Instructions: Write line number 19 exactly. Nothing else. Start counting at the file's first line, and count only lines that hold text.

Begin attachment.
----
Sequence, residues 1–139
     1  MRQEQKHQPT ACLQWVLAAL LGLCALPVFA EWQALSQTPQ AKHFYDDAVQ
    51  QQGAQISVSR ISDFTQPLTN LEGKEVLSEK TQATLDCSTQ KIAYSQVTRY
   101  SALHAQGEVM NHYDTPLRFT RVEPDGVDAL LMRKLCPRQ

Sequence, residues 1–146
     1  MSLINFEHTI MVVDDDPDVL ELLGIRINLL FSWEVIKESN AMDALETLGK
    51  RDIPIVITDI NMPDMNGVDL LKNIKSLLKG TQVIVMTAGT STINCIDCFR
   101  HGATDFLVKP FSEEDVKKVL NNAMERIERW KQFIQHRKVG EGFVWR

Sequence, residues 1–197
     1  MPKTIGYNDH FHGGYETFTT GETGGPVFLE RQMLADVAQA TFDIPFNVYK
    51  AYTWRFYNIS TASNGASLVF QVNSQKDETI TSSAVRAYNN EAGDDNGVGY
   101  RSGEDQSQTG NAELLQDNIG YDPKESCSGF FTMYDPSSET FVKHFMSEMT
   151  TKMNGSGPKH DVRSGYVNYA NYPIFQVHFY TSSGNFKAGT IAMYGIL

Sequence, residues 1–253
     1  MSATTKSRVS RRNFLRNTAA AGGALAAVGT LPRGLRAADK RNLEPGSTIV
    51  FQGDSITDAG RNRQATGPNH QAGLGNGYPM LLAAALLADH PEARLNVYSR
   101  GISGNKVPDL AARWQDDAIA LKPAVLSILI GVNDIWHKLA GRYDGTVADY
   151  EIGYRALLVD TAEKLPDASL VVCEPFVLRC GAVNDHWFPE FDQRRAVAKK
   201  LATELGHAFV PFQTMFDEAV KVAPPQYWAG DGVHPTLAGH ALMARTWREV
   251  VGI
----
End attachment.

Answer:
   201  LATELGHAFV PFQTMFDEAV KVAPPQYWAG DGVHPTLAGH ALMARTWREV